Tuesday, October 25, 2011

Pheasant Braised with Apples & Bacon

Sitting on my deck soaking in autumn’s last rays of sun, I hear the shots of hunters seeking game and wonder how many of them actually know how to cook and enjoy eating the meat. As a cook who has cleaned, prepped, cooked and eaten many a game, I can tell you that I am thrilled when my husband brings home duck, woodcock, partridge, or other small birds – but pheasant was always a challenge for me. As much as he hates it when I say it - I always preferred a good chicken to a pheasant which is usually drier and often too subtle in flavor. Until my French mother-in-law showed me her favorite recipe for pheasant, and now I make it happily.
Last week, Gerard went hunting with Michel Jean (of Stissing House) and his brother Alain. They brought home a few pheasants (the prized hens which are far more tender than the cock) and I was charged with cooking them. (Alain plucked and cleaned then for me – thank you Alain!). And I followed Lou Lou’s recipe. Patricia Jean joined us for dinner and we all loved it - so I thought I would share it with you today.
Braised Pheasant
for 4-5 people
2 Pheasant Hens
12 slices of bacon (Preferably Apple Smoked)
1 cup of Calvados (Apple Brandy)
1 cup of Chicken Stock
5 Golden Delicious Apples
½ cup of Crème Fraiche (or Heavy Cream)
2 Tablespoon of Unsalted Butter
Salt & Pepper
Preheat oven to 350F.
Peel and core the apples. Slice each into 4-5 thick round slices.
Salt and pepper the interiors of the pheasants. Wrap them in the bacon and tie each of them with string so the bacon stays in place. Melt the butter in a Dutch oven and brown all sides of the pheasants in the butter. Take them out and add the Calvados, scraping the bottom of the pan as the brandy reduces. Add the chicken stock and place the apples in the liquid with the pheasants on top of the apples. Cover and place in the oven for about one hour.
After they are cooked, turn off the oven and leave the pheasants in the casserole with the lid on until you are ready to serve.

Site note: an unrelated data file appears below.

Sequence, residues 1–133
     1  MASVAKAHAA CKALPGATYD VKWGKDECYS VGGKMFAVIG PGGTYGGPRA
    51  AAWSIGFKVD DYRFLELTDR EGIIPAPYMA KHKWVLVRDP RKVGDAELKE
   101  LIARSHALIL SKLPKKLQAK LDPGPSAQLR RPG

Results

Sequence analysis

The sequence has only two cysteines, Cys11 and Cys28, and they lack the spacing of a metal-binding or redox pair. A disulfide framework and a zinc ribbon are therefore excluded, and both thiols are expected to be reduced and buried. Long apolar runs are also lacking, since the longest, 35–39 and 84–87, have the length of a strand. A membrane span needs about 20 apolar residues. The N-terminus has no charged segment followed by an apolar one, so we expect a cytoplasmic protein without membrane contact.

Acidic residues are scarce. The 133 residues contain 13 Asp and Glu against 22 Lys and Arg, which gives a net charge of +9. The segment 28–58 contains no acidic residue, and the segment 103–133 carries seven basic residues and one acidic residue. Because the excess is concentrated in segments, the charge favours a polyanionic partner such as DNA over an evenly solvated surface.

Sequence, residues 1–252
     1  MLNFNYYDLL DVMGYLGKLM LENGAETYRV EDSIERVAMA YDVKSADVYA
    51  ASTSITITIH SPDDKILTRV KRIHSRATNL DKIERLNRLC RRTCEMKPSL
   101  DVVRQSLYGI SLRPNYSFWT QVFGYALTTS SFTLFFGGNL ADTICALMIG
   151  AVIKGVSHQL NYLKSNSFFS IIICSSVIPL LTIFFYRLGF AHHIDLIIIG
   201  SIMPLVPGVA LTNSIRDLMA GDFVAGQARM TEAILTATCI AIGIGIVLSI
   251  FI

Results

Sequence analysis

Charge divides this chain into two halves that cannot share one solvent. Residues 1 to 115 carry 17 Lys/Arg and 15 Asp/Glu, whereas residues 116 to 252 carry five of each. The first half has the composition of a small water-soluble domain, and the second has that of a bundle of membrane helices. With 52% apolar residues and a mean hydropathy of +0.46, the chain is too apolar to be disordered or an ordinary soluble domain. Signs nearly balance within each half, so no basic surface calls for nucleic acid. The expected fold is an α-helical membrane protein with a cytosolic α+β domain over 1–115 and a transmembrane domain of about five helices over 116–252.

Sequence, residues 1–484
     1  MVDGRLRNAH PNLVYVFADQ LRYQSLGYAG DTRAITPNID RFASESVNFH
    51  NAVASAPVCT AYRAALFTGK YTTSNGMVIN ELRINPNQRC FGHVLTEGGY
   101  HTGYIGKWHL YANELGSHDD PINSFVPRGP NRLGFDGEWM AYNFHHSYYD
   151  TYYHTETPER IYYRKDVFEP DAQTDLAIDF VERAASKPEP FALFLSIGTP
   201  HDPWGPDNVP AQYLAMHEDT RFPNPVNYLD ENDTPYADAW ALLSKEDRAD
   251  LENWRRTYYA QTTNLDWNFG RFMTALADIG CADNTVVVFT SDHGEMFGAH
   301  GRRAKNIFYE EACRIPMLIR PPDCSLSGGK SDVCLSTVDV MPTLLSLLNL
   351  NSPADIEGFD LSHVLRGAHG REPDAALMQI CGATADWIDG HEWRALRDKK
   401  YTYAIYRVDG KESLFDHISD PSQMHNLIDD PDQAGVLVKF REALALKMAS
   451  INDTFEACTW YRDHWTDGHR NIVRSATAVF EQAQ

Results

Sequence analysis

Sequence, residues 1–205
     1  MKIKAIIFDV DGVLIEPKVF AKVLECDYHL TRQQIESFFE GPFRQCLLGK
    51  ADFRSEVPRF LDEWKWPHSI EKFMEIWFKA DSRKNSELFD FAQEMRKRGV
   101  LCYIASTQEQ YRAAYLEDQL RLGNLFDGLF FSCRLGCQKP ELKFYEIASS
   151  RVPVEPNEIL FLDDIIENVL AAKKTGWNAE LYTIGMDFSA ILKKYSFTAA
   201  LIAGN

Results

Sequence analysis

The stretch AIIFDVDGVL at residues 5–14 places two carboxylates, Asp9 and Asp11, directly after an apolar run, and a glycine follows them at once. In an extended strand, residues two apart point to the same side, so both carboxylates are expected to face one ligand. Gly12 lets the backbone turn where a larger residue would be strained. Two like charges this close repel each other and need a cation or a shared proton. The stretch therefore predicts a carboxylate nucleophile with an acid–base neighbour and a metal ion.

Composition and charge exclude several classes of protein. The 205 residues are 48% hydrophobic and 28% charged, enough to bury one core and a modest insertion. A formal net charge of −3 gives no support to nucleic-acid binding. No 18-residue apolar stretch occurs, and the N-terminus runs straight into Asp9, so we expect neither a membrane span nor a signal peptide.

When ready, check that the pheasants are still warm (if not reheat on top of the stove for a few minutes). Remove the pheasants and have someone cut them up and/or carve them while you work on the sauce.(If you have to do double duty it is possible but a bit hectic).  Reserve the bacon.  Place the pheasants on a preheated serving dish. Remove the apples with a slotted spoon so that the liquid drains back into the pot (squeeze it so all of the liquid comes out). Remove half of the juices and reduce the remaining juices on a high flame. It should thicken, but if it does not add a teaspoon of arrowroot mixed with a tablespoon of the juices to the boiling juice and it will thicken. Then slowly add back the juices you removed a bit at a time. Meanwhile, chop up the bacon and mix with the apples sauce and serve as an accompaniment.(This is delicious!!! Imagine apple sauce made with pheasant and apply brandy and bacon bits- what could be bad?) When sauce in the pot is sufficiently thick , add the cream and spoon some over the pheasant serving the rest in a gravy boat on the side.
New Potatoes
With this dish I prepared 3-4 small white new potatoes per person. In the afternoon I rinsed and boiled them until they were cooked. I let them cool off and easily removed their skins. I then browned them slowly in butter on a low flame with salt and pepper and sprinkled them with parsley just before serving. They were delicious - especially when dipped in the sauce.

The Wines We Drank
Definetly my recommendation with this dish is to choose a Rhone Valley wine – 100% syrah. For our dinner with the Jeans I opened a 2009 Crozes Hermitage Les Fees Brunes and a Cornas Terre Brulées from Jean Luc Colombo. Le Cornas, superbly rich and spicy was a bit too strong while the Crozes Hermitage enhanced the delicate savours of the pheasant. So I served the Crozes Hermitage first and saved the La Cornas for the cheese course. If your favorite wine shop does not have JL Colombo Crozes Hermitage (around $30)  select another Rhone Valley or Languedoc Syrah. Do  not take an Australian Shiraz which is usually much too bold and spicy with jammy fruit flavors that are too strong for this dish. Save them for venison or wild boar.

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